Shin, Sungkyun. 2017. A Diachronic Study of the English Perfect Passive. English Language and Linguistics 23.1, 1-17. The English perfect passive was not used in Old English, in which the preterit passive was used instead of the present perfect passive. In early Middle English, the perfect passive came to be used and since then, its use has been increasing. Regarding the passive progressive, Visser (1963-73: §2158) prefers to see the main reason for the appearance of the passive progressive to be the “urge, permanently inherent in English as an analytic language, to signal separately every separate shade of meaning, function or connotation.” In other words, an analytic language such as English tries to express every aspect of verb phrases through periphrastic verb phrases, such as auxiliaries, which were expressed by full inflections in Proto-Indo-European. Likewise, if we observe a change in English verbal phrases, we find a direction of change concerning the English perfect passive. As English changed from Old English through Middle English and early Modern English to Present-day English, the pressure to fill the accidental gap－in this case, the perfect passive－was successfully resolved, resulting in the appearance of the perfect passive in the English language. Therefore, we assume two principles: one is the principle of filling the accidental gap: English changes to fill the accidental gap left by Proto-Indo-European as a result of the loss of inflections; and the other the principle of maximizing sequences of auxiliaries: concerning the verbal phrase, English changes to satisfy the maximal sequences of auxiliaries, which correspond to those of Proto-Indo-European. The two principles function together to do the same work.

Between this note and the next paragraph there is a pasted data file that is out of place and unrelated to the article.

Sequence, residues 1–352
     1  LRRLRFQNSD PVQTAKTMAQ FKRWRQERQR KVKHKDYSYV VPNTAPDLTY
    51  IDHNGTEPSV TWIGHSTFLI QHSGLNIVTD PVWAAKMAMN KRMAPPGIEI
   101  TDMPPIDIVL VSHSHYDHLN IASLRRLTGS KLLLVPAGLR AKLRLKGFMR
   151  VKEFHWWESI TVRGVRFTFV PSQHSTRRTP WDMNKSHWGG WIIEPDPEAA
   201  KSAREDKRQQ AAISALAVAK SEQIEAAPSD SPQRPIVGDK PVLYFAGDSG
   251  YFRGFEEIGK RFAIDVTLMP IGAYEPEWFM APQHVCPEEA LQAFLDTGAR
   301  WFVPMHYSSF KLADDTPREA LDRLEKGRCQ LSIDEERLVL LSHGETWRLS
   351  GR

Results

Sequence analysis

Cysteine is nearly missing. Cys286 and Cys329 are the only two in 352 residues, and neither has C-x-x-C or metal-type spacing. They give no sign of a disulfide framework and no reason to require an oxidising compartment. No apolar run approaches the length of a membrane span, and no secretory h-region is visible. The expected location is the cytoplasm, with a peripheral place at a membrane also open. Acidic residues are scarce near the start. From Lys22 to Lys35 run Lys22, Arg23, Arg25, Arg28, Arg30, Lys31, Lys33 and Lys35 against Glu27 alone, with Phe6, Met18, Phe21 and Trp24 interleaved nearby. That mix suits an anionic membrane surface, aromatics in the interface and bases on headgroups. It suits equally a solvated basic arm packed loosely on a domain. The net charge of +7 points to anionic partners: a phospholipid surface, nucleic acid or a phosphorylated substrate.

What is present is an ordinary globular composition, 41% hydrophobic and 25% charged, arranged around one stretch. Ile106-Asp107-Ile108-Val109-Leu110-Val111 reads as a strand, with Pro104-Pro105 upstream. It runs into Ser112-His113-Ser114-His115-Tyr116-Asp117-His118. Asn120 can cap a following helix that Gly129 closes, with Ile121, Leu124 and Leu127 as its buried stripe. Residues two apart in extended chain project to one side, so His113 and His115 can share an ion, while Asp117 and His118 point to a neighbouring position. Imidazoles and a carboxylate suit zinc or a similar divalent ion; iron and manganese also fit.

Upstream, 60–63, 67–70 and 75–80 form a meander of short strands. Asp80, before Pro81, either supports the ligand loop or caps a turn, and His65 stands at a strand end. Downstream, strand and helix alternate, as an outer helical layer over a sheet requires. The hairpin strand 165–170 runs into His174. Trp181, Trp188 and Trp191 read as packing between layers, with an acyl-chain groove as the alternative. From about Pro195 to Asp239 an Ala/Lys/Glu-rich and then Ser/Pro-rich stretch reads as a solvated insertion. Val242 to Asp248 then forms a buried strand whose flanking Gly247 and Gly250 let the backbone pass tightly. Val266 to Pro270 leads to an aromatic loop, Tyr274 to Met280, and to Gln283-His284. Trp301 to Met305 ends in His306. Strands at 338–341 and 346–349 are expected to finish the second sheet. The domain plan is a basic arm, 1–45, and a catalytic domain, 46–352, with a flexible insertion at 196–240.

Key words: diachronic, English perfect passive, filling the accidental gap, maximizing sequence of auxiliaries